- Soft and comfortable sleeve gloves help keep your hands warm and the wind out!
It’s made from plastic bottles and spandex! Here’s the blurb direct from Apricoat:
- Outer Shell: 91% Polyester + 9 % Spandex.
- Lining 1-2: 100% Knit Brushed Polyester.
- Lining 3: 100% Polyester Taffeta.
- Lining 4: 91% Single Jersey Polyester + 9 % Spandex
Whilst the fabric does allow for a good range of movement, I’m not entirely convinced it is durable enough for hikers who want to get to grips with really rugged terrain. I didn’t get to find out how the jacket coped with the inevitable scuffs, scrapes and snags that come with scrambling over rocks, or simply falling flat on your face whilst jogging down a hill. Oh, actually I did do the latter and granite rock I landed left a scar in the material, although it didn’t penetrate the jacket, or me!
Not a great fan of this phrase as it suggests you can keep the weather at bay for all time. Which is less true than a conspiracy theorist insisting the Earth if flat.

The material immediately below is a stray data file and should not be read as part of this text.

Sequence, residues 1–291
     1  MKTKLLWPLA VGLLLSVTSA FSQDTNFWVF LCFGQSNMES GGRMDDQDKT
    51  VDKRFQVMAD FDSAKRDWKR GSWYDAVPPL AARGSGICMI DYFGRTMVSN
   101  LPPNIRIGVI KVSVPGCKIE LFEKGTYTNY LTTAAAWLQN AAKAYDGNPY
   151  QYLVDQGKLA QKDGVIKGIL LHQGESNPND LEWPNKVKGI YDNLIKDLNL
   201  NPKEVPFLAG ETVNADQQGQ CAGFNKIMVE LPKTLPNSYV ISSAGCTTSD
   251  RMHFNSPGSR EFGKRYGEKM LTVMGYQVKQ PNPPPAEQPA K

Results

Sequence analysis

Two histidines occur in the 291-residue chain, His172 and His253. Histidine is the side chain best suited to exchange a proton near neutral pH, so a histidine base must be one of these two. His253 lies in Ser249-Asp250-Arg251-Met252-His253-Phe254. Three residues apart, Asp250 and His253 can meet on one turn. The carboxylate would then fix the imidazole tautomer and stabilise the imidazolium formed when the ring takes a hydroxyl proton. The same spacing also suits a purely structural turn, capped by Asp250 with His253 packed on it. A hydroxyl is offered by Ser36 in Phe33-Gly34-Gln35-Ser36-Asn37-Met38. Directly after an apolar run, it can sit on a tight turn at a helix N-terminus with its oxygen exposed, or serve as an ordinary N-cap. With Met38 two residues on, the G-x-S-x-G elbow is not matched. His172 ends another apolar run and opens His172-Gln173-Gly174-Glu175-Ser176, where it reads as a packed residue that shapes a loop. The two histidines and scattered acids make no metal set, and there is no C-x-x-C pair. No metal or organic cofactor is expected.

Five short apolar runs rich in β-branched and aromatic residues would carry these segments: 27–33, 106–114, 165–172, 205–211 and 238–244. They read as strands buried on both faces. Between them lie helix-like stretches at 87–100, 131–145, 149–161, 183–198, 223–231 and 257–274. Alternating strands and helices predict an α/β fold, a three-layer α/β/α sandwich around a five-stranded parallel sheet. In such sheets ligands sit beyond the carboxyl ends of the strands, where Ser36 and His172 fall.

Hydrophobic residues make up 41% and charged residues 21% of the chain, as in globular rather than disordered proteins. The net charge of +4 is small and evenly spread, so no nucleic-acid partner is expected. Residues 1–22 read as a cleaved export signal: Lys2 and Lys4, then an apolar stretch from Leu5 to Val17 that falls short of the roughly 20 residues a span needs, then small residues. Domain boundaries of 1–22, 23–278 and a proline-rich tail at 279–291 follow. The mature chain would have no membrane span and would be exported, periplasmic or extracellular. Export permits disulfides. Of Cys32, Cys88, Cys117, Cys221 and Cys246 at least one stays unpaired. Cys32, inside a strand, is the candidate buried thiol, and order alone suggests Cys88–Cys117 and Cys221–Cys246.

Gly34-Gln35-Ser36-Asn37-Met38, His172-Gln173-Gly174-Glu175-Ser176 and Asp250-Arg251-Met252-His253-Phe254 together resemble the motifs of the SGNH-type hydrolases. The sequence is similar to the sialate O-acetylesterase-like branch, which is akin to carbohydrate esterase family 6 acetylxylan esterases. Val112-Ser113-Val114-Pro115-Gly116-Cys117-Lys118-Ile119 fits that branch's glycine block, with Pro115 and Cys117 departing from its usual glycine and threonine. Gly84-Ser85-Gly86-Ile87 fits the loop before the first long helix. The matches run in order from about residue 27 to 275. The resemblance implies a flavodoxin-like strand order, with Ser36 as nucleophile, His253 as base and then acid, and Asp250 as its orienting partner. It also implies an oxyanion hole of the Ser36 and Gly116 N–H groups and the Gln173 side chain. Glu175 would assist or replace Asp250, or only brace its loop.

Apricoat’s adventure 2.0 is not made of GORE-TEX. It does not fearture a DWR coating. And it certainly isnt’ waxed.
What this means is: water can and will get through, at some point. The jacket is rated ‘waterproof’ 10,000mm – 15,000mm after which point it’s no longer waterproof. Do you have a puzzled look on your face right now? It’s okay, I did too when I wrote that and it’s time to clarify the above statement.
The Apricoat Adventure 2.0’s rating means it can withstand (an important word to consider when choosing a hiking jacket) most heavy downpours. Water will find a way through at some point – as it did in Scotland – and external pressure, such as rainwater is trapped under your rucksack straps, will definitely accelerate the process.